Winston Smith is a low-ranking member of the ruling Party in London (in the nation of Oceania). The Party is controlling everything in Oceania likewise it is controlling Winston Smith. Everywhere Winston goes he is being watched by the leader of the Party, known only as Big Brother.
Winston is frustrated by the oppression of the Party which prohibits any expression of individuality. He gets in touch with a powerful Party member named O’Brien. Later on, O’Brien turns out to be what Winston believed he is, a part of the group that works to overthrow the Party (”the Brotherhood”).
Winston works in the Ministry of Truth, where he notices a beautiful dark-haired girl named Julia staring at him. They begin a secret affair while always on the lookout for signs of Party monitoring. Eventually after the relationship lasts for some time and when Winston’s hatred for the Party grows more and more, he receives a message from O’Brien: O’Brien wants to see him.
O’Brien confirms that, like Winston and Julia, he hates the Party and says that he is a member of the Brotherhood. He indoctrinates Winston and Julia into the Brotherhood. While Winston reads the book that O’Brien gave him to Julia in their room, all of a sudden soldiers invade and seize them. The owner of the store under their room, where Winston once bought a diary to write his criminal thoughts in, is revealed as having been a member of the Thought Police all that time.
Torn away from Julia and taken to a place called the Ministry of Love, Winston finds that O’Brien, too, is a Party spy who simply pretended to be a member of the Brotherhood in order to trap Winston into committing an open act of rebellion against the Party. O’Brien spends months torturing and brainwashing Winston, who struggles to resist. At last, O’Brien sends him to the dreaded Room 101, the final destination for anyone who opposes the Party. Here, O’Brien tells Winston that he will be forced to confront his worst fear. Throughout the novel, Winston has had recurring nightmares about rats; O’Brien now straps a cage full of rats onto Winston’s head and prepares to allow the rats to eat his face. Winston drops out, pleading with O’Brien to do it to Julia, not to him.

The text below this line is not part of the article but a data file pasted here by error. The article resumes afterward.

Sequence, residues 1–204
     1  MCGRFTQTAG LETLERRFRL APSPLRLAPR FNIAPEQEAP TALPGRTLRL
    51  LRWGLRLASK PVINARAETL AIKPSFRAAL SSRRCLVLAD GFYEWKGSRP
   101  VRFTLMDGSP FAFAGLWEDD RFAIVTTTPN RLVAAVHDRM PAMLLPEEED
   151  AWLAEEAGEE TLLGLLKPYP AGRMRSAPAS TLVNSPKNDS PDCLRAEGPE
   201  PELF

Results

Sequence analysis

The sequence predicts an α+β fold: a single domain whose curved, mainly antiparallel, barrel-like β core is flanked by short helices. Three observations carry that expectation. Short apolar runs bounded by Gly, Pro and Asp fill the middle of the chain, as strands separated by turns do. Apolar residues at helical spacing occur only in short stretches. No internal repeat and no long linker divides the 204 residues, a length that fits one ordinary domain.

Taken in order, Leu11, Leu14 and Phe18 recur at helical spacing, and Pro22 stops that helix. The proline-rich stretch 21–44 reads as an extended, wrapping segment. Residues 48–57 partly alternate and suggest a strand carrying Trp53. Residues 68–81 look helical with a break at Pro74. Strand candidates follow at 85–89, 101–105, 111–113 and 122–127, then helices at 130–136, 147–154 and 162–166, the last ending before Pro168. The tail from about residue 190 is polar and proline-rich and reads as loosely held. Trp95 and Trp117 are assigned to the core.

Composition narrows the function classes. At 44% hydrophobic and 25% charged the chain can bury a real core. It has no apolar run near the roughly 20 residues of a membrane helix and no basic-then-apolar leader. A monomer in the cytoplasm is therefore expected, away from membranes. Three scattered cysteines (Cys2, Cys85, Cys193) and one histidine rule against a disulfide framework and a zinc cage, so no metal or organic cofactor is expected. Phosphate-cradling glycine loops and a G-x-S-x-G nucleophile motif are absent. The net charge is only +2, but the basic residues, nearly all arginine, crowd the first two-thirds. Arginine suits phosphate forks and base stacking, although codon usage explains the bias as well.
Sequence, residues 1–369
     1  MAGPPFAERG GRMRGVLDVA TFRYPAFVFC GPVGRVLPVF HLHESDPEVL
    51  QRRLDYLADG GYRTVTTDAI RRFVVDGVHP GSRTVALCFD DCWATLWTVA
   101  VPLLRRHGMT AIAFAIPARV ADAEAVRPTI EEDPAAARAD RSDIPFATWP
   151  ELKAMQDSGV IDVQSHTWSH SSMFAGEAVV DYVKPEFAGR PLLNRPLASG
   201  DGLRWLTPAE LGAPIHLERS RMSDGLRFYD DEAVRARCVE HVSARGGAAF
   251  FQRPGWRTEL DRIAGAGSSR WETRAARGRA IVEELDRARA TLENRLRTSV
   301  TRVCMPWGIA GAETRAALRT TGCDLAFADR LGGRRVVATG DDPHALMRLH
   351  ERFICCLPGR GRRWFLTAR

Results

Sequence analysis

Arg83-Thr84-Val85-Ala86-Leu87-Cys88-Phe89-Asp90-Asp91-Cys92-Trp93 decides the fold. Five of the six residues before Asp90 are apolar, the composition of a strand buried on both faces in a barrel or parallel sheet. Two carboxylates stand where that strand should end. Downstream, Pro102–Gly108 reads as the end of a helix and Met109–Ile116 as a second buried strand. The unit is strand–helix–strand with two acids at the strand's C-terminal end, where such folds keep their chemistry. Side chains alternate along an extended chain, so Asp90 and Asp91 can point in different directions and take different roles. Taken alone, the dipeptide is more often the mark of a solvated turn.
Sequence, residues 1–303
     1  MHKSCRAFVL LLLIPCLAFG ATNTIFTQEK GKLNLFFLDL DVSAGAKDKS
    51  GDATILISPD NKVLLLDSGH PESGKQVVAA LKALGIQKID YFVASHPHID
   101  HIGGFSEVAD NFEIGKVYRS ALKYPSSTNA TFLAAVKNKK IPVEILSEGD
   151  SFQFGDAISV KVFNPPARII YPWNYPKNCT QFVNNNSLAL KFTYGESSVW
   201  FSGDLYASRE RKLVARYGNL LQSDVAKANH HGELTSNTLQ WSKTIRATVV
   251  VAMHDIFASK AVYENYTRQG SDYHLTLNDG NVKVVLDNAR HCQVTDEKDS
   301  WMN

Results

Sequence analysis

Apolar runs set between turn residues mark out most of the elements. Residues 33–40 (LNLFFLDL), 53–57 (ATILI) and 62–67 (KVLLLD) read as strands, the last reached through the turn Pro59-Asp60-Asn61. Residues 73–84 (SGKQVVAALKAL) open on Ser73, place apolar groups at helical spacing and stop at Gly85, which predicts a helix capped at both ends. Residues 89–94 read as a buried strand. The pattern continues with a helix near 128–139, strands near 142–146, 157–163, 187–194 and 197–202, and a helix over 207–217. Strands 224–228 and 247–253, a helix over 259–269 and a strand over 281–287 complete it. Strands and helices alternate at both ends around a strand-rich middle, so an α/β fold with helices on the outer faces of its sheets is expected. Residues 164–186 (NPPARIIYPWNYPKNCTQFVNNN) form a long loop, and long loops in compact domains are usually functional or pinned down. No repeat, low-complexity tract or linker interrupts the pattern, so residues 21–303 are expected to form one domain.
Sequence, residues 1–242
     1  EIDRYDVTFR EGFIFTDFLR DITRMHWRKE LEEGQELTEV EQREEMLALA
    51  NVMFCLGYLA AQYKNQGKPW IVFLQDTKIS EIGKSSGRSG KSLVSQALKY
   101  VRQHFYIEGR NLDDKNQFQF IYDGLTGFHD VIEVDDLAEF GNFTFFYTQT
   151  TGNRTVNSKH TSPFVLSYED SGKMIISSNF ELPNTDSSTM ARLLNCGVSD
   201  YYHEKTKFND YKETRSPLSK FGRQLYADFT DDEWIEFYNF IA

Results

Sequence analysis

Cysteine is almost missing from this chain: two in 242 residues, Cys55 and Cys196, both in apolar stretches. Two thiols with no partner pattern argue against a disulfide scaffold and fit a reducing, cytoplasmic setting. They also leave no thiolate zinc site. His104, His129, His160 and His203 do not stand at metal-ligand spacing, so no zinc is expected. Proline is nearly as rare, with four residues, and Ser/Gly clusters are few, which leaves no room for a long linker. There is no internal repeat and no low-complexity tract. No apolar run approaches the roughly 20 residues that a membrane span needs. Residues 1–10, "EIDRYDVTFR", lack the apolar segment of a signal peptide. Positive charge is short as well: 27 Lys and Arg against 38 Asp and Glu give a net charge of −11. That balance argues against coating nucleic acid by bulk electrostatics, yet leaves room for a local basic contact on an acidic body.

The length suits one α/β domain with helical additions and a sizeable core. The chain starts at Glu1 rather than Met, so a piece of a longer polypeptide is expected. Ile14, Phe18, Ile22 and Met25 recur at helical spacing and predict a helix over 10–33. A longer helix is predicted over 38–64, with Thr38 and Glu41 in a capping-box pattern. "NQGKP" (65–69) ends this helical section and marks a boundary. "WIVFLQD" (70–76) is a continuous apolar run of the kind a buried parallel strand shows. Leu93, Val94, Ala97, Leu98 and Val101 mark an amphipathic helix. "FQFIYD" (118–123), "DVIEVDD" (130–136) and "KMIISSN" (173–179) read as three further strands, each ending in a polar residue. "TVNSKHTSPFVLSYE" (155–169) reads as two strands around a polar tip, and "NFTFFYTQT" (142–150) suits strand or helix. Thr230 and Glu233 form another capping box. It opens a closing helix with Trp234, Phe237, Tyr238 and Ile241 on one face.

Giving up Julia is what O’Brien wanted from Winston all along. His spirit broken, Winston is released to the outside world. He meets Julia but no longer feels anything for her. He has accepted the Party entirely and has learned to love Big Brother.
Main character: Winston Smith
Orwell’s primary goal in 1984 is to demonstrate the terrifying possibilities of totalitarianism. Winston’s personal tendency to resist the prohibiting of his individuality, and his intellectual ability to reason about his resistance, enables the reader to observe and understand the harsh oppression that the Party, Big Brother, and the Thought Police bring. Winston’s long reflections give Orwell a chance to explore the novel’s important themes, including language as mind control, psychological and physical intimidation and manipulation, and the importance of knowledge of the past.
Apart from his thoughtful nature, Winston’s main attributes are his rebelliousness and his fatalism. Winston hates the Party passionately and wants to test the limits of its power; he commits innumerable crimes throughout the novel, ranging from writing ‘DOWN WITH BIG BROTHER’ in his diary, to having an illegal love affair with Julia, to getting himself secretly indoctrinated into the anti-Party Brotherhood. The effort Winston puts into his attempt to achieve freedom and independence ultimately underscores the Party’s power. By the end of the novel, Winston’s rebellion is revealed. O’Brien’s physical and psychological torture, transformed Winston into a loyal subject of Big Brother.